The patient received no subsequent specific treatment and he remained asymptomatic. There was no increase in the size of the mass as of the last outpatient followup, which was performed two years after diagnosis.

3. Discussion

PHG is a rare fibrosing nodular disease known to affect adults between the ages of 19 and 77 years. The mean age of person afflicted with the disease is 44 years [1] and there is no sex predilection or race predominance [2, 6]. The clinical symptoms of PHG are mild and nonspecific, and may include cough, fever, fatigue, dyspnea, pleuritic chest pain, sinusitis, and pharyngitis. Several patients are completely asymptomatic with lesions only found through routine screening examinations [1, 5, 7].

The etiology of PHG remains unclear. It has been proposed that the nodules may represent an abnormal immune response to infectious agents, such as tuberculous bacilli and histoplasma organisms, or autoimmune process, since many immune-mediated diseases appear in concordance with PHG [1, 2, 4, 5, 7, 8]. There have been reports of patients who were previously exposed to fungal or mycobacterial diseases prior to contracting PHG [6]. Additionally, patients presenting with immunologic abnormalities and elevated serum markers of progressive autoimmune diseases, such as antinuclear antibodies, rheumatoid factor, and positive antiglobulin tests may be more prone to developing PHG [8]. Sclerosing mediastinitis, retroperitoneal fibrosis, rheumatoid arthritis, posterior uveitis, Sjogren's syndrome, hemolytic anemia, and other diseases are often associated with PHG [1]. It has been hypothesized that all of these conditions may essentially represent the same reactive response of an immunologic mechanism triggered by infectious agents [9]. Associations of PHG with lymphoproliferative disorders, such as lymphoma and Castleman's disease, have also been described [3, 9].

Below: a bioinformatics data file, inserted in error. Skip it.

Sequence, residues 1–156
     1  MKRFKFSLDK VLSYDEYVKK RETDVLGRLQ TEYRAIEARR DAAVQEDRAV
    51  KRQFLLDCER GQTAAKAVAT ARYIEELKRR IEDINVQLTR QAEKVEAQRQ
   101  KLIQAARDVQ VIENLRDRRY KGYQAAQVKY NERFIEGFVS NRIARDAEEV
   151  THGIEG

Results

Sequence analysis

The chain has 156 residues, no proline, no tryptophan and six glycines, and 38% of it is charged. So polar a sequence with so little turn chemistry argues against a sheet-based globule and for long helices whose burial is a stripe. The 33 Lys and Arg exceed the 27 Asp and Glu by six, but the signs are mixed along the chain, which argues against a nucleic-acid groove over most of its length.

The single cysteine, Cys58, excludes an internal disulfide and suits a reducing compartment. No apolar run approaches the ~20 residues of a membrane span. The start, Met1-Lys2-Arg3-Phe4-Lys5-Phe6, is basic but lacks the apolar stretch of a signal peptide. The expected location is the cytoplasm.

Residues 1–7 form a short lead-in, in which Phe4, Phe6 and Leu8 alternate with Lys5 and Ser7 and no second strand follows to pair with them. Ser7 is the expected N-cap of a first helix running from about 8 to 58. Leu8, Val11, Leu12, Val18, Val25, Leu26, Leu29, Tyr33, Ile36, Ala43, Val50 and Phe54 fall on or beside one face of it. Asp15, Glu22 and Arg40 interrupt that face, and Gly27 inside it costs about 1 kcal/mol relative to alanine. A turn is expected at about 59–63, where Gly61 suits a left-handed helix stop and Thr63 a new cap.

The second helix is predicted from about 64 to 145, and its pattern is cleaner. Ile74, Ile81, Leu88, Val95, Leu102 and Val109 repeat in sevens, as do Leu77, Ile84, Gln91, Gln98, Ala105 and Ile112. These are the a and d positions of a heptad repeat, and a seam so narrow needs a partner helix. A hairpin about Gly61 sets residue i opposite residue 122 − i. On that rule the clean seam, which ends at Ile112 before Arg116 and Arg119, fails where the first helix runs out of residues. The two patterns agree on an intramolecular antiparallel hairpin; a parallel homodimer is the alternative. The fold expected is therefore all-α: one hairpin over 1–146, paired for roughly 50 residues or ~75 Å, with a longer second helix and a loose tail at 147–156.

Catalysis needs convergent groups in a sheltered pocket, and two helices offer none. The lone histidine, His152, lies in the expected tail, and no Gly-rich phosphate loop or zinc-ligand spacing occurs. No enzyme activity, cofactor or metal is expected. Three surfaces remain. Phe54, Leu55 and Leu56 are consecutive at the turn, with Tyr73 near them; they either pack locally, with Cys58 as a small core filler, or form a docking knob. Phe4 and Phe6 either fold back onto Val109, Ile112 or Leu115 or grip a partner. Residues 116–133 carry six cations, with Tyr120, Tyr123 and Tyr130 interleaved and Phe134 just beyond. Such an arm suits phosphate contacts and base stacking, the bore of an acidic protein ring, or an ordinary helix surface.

Chest radiography and CT findings show solitary or, more often, multiple randomly distributed, unilateral or bilateral nodules and/or masses with well-defined borders. The nodules may be present with or, more commonly, without calcification and are typically focal and irregular [10]. The calcified masses are more often multiple and bilateral [10]. Though rare, cavitation has been reported [10, 11]. Nodule size ranges from several millimeters to 15 cm in diameter, with an average diameter of 2 cm [9]. Adenopathy is usually not associated with this entity [1].

Differential diagnosis in PHG includes malignancy (metastatic or primary), infection (septic emboli, tuberculosis, histoplasmosis, or other fungal infections), amyloidosis, rheumatoid nodules, Wegener's granulomatosis, sarcoidosis, lymphomatoid granulomatosis, and plasma cell granuloma [3, 68, 10, 11]. When calcified, sarcomatous metastases (e.g., osteosarcoma, chondrosarcoma and giant cell tumor) and carcinomatous metastases (e.g., mucin-producing adenocarcinomas, thyroid cancer, and choriocarcinoma) should be included in the differential diagnosis [10]. The aforementioned masses can be differentiated by their clinical, biological, bacteriological, and histopathological characteristics [8].

F-18 fluordeoxyglucose positron emission tomography (FDG-PET/CT) can reveal increased metabolic activity in PHG lesions [12]. However, an accurate diagnosis of PHG can only be made with histopathological examination [8]. Microscopically, the lesions are well-circumscribed and are characterized by a dense network of concentric hyalinized collagen in the center of perivascular lymphoplasmacytic infiltrate that rarifies in the center of the nodule [5]. The collagen is deposited in ropy, whorled collagen bundles that are separated by clear spaces [8]. Congo red stain with polarization and crystal violet stain can be positive for amyloid, and the diagnosis of amyloidosis must be considered. Amyloidosis can be ruled out using electron microscopy because in PHG the hyaline lamellae consist of eletrondense, compact, amorphous material, which is substantially different from fibrillar amyloid lesions [4, 8].

The prognosis for patients with PHG is generally excellent with no significant impact on longevity. Single lesions tend to be stable and resection is often curative. Some patients with multiple lesions may show progressive enlargement of nodules and increased dyspnea [1, 5]. There is no definitive treatment for multiple nodules, although successful resolution of the nodules with the administration of glucocorticoids has been reported [1, 5, 12, 13]. FDG-PET/CT may demonstrate a decrease in metabolic activity after corticosteroid treatment [12]. One case of recurrence after resection was described [14].

In conclusion, PHG should be considered in the differential diagnosis of pulmonary nodules or masses, even when they are cavitary or contain calcifications.